(WASHINGTON) — The day of reckoning is Wednesday for the embattled Manchin-Toomey background check provision and a myriad of other gun amendments, including a ban on assault weapons and high-capacity clips.
The outcome will determine the fate of the biggest gun control legislation the Senate will vote on in two decades.
A 4 p.m. vote on the Manchin-Toomey amendment will kick off the votes.
The amendment, proposed this past week as a bipartisan compromise from Sen. Joe Manchin, a Democrat from West Virginia, and Sen. Pat Toomey, a Republican from Pennsylvania, always faced an uphill climb to pass in the Senate.
But the first real signs of trouble came Monday when a vote on the amendment was delayed from being formally scheduled when it was clear that the votes were not yet there for it to pass. By Tuesday, momentum seemed to slip away bit by bit when a few senators key to the outcome of the vote, including Sen. Dean Heller, R-Nev., Sen. John Hoeven, R-N.D., and Sen. Richard Burr, R-N.C., announced that they could not vote for the bill.
The amendment will need 60 votes to pass. And as of Tuesday night, the votes are not there yet.
When Manchin was asked by ABC News if he had 60 votes locked down, he said: “We need more than we have.”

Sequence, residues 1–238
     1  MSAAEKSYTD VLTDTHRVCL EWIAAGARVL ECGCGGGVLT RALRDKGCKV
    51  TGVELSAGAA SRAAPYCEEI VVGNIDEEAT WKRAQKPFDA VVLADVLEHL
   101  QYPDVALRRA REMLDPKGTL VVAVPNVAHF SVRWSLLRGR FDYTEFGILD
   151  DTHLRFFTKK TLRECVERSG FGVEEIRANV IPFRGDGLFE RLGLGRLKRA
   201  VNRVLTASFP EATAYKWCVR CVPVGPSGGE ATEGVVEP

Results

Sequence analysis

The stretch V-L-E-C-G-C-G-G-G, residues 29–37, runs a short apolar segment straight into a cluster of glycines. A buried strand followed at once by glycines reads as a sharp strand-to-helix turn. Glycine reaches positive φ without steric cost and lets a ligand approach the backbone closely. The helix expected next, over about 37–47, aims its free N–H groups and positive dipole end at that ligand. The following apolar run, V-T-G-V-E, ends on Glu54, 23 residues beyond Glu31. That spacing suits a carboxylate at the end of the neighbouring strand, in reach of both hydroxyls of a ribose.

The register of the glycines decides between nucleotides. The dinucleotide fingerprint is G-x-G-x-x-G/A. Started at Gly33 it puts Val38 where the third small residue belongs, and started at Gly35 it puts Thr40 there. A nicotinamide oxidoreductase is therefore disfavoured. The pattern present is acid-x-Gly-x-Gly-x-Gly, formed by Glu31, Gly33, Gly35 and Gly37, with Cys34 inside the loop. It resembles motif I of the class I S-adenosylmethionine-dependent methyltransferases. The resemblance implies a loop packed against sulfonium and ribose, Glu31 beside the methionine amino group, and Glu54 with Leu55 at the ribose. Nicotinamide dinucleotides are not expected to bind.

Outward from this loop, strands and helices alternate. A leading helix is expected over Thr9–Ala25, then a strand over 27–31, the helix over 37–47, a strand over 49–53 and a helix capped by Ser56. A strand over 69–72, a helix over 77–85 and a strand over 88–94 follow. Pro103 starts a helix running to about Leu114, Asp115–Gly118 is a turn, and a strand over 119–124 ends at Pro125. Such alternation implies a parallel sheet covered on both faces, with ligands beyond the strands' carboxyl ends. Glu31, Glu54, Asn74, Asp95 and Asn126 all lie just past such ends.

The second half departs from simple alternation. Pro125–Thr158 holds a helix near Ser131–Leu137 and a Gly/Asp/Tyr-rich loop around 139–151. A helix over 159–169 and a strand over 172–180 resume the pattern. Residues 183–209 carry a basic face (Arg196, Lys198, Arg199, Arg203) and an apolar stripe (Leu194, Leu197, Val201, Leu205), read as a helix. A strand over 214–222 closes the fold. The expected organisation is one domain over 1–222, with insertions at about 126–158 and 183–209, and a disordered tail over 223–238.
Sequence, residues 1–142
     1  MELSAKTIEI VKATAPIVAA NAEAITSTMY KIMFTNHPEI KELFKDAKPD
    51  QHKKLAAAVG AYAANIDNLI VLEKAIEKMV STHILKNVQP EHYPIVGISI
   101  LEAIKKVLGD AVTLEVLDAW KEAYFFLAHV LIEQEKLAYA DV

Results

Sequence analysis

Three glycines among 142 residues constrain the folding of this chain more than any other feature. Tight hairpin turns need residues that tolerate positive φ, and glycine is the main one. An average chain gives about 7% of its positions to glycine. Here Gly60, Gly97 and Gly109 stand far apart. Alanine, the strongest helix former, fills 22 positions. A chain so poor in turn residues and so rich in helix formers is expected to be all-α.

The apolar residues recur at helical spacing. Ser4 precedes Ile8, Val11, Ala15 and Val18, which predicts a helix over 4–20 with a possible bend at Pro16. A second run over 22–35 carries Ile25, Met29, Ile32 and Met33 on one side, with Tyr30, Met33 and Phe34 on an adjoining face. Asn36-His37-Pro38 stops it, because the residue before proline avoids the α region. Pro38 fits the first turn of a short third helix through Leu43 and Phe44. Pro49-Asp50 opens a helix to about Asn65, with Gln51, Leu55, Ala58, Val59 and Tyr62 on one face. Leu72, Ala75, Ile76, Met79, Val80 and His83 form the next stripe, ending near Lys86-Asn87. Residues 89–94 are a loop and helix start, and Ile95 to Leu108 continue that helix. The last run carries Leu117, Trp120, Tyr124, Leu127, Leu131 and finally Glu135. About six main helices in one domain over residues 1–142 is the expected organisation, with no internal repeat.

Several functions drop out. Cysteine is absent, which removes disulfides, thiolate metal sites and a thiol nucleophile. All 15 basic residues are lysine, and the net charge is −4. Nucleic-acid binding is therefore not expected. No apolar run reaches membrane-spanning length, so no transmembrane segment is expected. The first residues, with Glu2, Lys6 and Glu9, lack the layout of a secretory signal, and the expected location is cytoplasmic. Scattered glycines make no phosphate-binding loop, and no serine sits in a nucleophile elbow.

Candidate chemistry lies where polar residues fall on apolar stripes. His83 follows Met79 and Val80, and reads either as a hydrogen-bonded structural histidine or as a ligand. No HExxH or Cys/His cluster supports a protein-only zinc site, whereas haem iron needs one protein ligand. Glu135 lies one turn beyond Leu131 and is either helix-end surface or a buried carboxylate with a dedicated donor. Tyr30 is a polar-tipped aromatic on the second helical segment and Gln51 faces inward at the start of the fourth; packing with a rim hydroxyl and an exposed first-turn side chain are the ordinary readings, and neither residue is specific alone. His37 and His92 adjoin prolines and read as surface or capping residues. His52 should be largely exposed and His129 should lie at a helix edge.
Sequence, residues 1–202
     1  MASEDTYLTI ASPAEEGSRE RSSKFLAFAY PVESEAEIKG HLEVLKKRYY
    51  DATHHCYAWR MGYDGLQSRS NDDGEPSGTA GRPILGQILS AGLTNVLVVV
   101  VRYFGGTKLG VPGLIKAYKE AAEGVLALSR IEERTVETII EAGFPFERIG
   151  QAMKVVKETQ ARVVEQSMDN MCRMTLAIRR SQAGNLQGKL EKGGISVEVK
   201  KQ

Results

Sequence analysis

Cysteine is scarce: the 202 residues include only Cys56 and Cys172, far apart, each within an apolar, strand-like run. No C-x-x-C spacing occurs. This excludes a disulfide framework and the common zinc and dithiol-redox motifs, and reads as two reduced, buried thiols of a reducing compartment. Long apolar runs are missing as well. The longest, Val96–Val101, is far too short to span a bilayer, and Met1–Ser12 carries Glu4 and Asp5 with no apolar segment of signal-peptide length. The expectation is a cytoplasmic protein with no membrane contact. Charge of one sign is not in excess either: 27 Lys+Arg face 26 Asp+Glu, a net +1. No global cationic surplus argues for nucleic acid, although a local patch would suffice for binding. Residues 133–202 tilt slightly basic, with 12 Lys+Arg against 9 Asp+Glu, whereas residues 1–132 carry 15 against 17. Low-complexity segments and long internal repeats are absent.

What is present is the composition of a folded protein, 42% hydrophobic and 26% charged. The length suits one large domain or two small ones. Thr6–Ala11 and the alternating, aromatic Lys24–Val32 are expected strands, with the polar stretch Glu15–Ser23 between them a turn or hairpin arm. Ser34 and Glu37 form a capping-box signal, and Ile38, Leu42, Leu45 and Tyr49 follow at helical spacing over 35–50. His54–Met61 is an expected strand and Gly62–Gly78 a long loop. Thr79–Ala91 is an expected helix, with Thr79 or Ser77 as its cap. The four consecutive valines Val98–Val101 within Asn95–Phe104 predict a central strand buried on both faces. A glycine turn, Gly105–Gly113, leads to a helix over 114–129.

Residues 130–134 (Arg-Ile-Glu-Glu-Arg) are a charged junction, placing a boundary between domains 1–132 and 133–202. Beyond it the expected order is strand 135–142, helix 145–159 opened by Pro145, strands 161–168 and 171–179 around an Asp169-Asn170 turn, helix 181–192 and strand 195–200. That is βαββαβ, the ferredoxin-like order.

Sen. Mark Kirk of Illinois, one of the Republican supporters for expanding background checks, said he was still working to win over some Republican senators. When asked if his side had enough votes to pass the amendment, he said: “We are not ready for a vote.”
The vote will be razor thin – so thin that neither side was sounding confident.
There are three Republican senators and four Democratic senators believed to still be undecided — John McCain, R-Ariz., Lisa Murkowski, R-Alaska, Kelly Ayotte, R-N.H., Mary Landrieu, D-La., Mark Begich D-Alaska, Heidi Heitkamp, D-N.D., and Mark Pryor, D-Ark.
Sen. Frank Lautenberg, D-N.J., was seen as a wild card because, although he supports the amendment, he has been ill and home in New Jersey. Aides said Lautenberg “hopes” to get back for the vote Wednesday.
Senate Majority Leader Harry Reid, D-Nev., sounded a bit resigned Tuesday when he defended the bill’s momentum while, in the same breath, admitting that the votes may not be there. Regardless, he said, gun control supporters have the “wind at our back.”
President Obama made calls to the few undecided senators Tuesday, ABC News’ Jonathan Karl reported. A White House official said there still was a path to 60 votes but conceded it is “a narrow path.”
Yet the situation remained fluid, Republican and Democratic aides told ABC News, and either outcome was possible when the voting was to begin at 4 p.m. on Wednesday.
Following the Manchin-Toomey amendment vote, the Senate will vote on at least eight other gun amendments, all of which matter to the debate. They included voting up or down on an assault weapons ban, the issue of concealed carry, a high-capacity clip ban and mental health provisions.
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